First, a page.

But honestly, stark Benetton billboards featuring smiley Africans could have been the backdrop to every scene in Sex and the City: The Movie and I wouldn’t have noticed – I loved it!! It wasn’t the Couture Four still running around the island cocktailing and teabagging but rather sad yet lovely new phases for my favorite characters. Next week I may wax about what it’s like seeing the movie for the 4th time – because SATC is definitely for the ladies in the house.

Giant Step’s Resident: The City, The Sounds, The Soul Part 16

Photo of Muhsinah and Don Will of Tanya Morgan © Dorothy Hong

By Muwase Ziegbe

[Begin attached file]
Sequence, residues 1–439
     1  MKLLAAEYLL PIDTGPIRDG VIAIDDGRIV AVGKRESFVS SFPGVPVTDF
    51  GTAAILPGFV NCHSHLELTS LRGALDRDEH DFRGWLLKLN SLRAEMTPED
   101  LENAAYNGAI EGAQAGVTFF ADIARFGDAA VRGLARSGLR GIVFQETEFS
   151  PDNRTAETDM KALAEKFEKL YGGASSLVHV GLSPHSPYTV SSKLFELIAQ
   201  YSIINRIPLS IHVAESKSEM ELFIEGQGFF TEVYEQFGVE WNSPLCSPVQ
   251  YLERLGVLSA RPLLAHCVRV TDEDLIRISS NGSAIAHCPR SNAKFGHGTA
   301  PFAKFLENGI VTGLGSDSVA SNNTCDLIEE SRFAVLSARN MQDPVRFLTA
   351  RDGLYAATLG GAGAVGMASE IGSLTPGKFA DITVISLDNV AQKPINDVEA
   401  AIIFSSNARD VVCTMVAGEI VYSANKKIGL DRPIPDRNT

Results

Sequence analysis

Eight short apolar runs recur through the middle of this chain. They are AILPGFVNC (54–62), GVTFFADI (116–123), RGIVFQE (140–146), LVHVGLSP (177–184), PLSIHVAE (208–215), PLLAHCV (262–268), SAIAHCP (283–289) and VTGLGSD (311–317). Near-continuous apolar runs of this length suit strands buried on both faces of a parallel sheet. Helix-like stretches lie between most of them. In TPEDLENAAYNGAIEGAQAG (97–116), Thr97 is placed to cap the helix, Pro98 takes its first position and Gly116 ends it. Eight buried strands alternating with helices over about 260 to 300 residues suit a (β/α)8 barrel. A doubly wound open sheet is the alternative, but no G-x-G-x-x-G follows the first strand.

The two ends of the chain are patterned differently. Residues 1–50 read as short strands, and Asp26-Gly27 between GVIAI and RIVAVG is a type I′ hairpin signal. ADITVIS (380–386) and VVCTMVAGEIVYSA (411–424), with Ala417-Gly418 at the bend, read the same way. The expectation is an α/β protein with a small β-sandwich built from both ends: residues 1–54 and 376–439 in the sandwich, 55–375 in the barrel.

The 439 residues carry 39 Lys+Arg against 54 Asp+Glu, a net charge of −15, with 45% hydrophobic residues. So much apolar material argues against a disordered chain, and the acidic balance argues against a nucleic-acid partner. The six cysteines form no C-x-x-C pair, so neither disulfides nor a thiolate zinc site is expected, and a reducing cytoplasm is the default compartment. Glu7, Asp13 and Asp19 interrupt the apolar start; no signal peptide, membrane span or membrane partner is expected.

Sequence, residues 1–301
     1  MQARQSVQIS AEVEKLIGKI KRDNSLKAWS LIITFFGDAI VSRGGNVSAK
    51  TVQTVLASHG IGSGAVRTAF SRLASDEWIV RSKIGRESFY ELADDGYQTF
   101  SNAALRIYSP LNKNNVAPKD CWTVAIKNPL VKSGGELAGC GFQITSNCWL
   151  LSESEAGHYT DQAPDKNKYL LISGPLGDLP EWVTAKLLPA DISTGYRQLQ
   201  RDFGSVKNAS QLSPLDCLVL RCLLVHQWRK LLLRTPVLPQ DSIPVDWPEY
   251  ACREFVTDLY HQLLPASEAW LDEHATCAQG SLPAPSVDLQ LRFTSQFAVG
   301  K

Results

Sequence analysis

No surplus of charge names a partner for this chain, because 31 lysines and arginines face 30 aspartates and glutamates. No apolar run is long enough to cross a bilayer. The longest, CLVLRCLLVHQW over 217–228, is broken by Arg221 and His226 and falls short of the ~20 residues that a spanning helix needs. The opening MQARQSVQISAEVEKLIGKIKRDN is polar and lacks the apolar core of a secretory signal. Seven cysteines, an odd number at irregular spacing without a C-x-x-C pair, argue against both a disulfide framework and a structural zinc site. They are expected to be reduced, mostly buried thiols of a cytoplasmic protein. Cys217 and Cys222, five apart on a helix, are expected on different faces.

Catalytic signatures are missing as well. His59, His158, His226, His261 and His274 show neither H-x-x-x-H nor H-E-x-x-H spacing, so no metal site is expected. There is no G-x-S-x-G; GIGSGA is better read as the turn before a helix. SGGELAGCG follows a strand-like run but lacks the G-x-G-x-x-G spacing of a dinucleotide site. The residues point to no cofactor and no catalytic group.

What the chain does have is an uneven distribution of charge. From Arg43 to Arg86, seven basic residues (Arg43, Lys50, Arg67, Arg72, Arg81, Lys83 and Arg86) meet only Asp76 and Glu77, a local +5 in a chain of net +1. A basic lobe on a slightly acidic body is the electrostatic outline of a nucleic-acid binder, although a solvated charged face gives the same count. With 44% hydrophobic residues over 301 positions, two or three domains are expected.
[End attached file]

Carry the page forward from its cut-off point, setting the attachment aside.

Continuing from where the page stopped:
Hey lovers. Last week was all about the up-and-comers; the young’ns scrapping to the top of the heap with a song in their heart and a MySpace login. Tuesday night I hit up the issue release party for Theme magazine at 70 Greene Street (I love how “random recreation space” is the new “hot downtown spot”) featuring Eric Lau, Kissey Asplund and Muhsinah. Theme has its artful little eye on the deal-makers and rule-breakers making inroads in Asian culture and beyond. So having Eric Lau bring his Britain-based beatmaking skills to SoHo was definitely a good look. Lau flashed his head-nodding finesse on the wheels of steel, dishing out comfort soul from J. Dilla’s blissed-out take on “Think Twice” to D’Angelo’s guttural “Spanish Joint.” After swigging a few glasses of Black Swan Merlot, Kissey Asplund’s splintery, screechy vocals and absent-minded stage presence were disorienting. And Muhsinah is an able beatmaker and I was wicked excited for her performance but her gentle sound failed to connect with the audience. But impromptu performances from hip hop collective Tanya Morgan and rapper Eagle Nebula kicked up the energy a bit.